SAA rejects allegations of business rescue, liquidation

Cape Town - South African Airways (SAA) has never been in a state where business rescue is needed, spokesperson Tlali Tlali told Fin24 on Friday afternoon.

"Business rescue, properly understood, means a company is unable to meet its financial obligations as and when they are due and payable. That, however, is not where we are at," said Tlali.

"There seems to be a misunderstanding of our going concern guarantee requirements. Some people suggest we need a guarantee in order to stay afloat now and we are saying that is an incorrect interpretation. SAA is resilient and has overcome challenges in the past."

He said SAA needs a going concern government guarantee in order to finalise its annual financial statements. The matter has been brought to the attention of National Treasury, which is the airline's shareholder representative and there are extensive, on-going engagements with the aim of finding a resolution and to provide certainty to all concerned.

READ: SAA's Yakhe Kwinana can run, but she can't hide - Outa

In a statement issued on Friday, SAA said its board continues to do everything in its power to ensure SAA gets government guarantees. It has also engaged with Treasury on a licensing issue which also relies on Treasury's financial assurances for its renewal by the end of September.

Finance Minister Pravin Gordhan said earlier this week a “good announcement” regarding SAA can be expected “shortly”.

"While it is true that the airline’s balance sheet needs to be strengthened, it is important to understand that its funding requirements, whether in the form of guarantees by the shareholder or a cash injection - which the airline has not received for more than a decade - are intended for future and not current or immediate obligations," the SAA statement reads.  

Tlali said SAA is not facing liquidation, as no such decision has been communicated by the SA government as the sole shareholder of the airline. SAA remains confident that solutions will soon be found.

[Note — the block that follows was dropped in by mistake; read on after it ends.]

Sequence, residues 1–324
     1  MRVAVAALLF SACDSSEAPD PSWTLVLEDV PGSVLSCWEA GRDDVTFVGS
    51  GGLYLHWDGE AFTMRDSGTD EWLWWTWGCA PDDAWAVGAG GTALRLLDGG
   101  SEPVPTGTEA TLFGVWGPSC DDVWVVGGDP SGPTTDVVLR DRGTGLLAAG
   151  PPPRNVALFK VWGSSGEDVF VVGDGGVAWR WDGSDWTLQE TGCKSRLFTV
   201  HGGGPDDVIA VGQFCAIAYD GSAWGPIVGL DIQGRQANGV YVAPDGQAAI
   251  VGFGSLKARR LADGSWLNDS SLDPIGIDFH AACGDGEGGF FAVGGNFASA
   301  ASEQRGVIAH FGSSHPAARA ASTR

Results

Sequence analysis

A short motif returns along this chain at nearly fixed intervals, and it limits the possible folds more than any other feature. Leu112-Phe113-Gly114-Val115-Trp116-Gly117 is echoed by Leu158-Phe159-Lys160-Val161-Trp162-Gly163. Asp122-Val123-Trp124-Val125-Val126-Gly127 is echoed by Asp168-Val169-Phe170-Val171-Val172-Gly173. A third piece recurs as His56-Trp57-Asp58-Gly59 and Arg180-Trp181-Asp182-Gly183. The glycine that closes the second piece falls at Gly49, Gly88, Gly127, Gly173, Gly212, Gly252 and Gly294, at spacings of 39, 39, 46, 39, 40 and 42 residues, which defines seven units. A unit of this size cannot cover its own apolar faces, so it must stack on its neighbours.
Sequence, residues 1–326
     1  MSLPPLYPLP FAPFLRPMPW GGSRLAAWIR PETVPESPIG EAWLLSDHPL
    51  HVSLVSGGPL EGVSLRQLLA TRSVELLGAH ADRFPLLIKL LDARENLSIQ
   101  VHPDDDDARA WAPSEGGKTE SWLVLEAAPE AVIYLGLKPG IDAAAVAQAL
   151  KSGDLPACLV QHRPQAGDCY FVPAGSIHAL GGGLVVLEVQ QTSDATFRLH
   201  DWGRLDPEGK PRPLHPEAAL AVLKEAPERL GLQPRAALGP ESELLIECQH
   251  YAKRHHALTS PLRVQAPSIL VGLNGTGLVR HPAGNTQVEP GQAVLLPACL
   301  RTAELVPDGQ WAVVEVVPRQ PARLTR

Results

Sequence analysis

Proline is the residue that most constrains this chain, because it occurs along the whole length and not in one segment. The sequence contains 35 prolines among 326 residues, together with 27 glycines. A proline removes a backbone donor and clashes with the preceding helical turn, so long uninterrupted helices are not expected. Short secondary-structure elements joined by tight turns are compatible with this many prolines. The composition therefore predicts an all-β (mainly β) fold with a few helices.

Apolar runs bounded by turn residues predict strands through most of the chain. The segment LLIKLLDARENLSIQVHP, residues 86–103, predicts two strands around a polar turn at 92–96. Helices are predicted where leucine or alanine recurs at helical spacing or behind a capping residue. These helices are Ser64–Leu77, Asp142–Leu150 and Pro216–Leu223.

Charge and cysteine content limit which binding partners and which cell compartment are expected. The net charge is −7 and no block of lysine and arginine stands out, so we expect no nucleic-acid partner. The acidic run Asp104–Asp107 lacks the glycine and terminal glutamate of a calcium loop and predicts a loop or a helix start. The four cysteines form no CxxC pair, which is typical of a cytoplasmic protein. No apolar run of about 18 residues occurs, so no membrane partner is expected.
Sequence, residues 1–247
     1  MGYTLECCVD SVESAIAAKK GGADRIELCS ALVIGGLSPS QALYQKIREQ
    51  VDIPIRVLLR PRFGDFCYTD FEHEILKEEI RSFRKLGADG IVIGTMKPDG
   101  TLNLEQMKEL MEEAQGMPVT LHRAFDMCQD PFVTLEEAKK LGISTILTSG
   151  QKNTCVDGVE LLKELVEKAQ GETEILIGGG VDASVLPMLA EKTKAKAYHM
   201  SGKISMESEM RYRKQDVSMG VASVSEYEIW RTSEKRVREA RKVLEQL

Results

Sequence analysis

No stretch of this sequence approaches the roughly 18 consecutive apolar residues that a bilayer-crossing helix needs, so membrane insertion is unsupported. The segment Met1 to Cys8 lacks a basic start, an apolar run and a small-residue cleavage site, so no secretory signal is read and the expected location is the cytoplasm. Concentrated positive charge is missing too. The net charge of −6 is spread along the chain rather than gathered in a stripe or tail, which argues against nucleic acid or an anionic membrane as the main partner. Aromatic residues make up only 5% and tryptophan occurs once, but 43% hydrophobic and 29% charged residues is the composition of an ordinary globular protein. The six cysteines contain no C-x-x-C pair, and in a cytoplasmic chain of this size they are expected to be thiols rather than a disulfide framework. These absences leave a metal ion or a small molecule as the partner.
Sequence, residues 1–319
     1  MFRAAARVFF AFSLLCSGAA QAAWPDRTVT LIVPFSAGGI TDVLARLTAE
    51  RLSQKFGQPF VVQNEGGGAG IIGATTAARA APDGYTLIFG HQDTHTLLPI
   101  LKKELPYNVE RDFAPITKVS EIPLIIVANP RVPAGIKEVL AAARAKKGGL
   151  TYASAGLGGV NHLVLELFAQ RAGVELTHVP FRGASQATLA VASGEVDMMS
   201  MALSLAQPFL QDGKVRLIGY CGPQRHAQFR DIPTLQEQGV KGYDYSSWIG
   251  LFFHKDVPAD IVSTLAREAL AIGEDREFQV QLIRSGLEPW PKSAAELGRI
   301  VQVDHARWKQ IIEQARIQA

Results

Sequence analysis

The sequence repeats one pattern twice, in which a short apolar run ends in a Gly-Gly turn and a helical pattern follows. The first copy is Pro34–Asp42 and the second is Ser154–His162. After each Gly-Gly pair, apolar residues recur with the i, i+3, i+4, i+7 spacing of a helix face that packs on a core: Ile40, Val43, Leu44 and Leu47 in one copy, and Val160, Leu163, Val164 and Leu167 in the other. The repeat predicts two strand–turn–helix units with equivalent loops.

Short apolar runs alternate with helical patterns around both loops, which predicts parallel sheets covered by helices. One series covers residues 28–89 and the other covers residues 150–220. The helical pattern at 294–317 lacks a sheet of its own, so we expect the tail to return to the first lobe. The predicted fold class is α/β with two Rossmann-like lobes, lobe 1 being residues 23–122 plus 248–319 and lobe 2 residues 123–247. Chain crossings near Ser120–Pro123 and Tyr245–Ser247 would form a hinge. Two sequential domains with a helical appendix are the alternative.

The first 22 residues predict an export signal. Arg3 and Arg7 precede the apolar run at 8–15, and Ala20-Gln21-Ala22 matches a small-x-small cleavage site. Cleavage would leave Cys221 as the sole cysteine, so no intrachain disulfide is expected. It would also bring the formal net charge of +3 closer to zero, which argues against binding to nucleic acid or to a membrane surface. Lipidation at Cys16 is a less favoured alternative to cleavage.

"SAA has neither defaulted nor been unable to meet its obligations to service its debts – a key determining factor to justify placing a company under business rescue. Those advocating for business rescue are making an absurd misdiagnosis," said Tlali.

READ: WATCH: Under-fire Gordhan reveals SAA deadlock will soon end

In his view, those making these business rescue claims do not seem to take into account the impact they have on the airline and the country.

SAA also denies allegations of there being a rift between Finance Minister Pravin Gordhan and SAA chair Dudu Myeni. To the contrary, SAA alleges these kinds of statements are made by people trying to drive a wedge between Gordhan and Myeni.

The airline reiterated in that SAA board members "do not appoint themselves", but serve at the invitation of its shareholder representative. Any board rotations or new appointments would, therefore, be the prerogative of the shareholder representative.

Tlali said it is highly unlikely that there will be service interruptions in September or October anywhere on SAA's route network, including Hong Kong.

"Where concerns are raised by the relevant regulatory authorities, we continue to engage with them to ensure that we remain compliant and continue to operate," he said.
 
"We would like to assure all our customers that as part of our compliance and business continuity processes, we constantly ensure that we meet the compliance requirements in all jurisdictions and markets where we operate."

ALSO READ: EXCLUSIVE: SAA banking tender deferred due to debt consolidation

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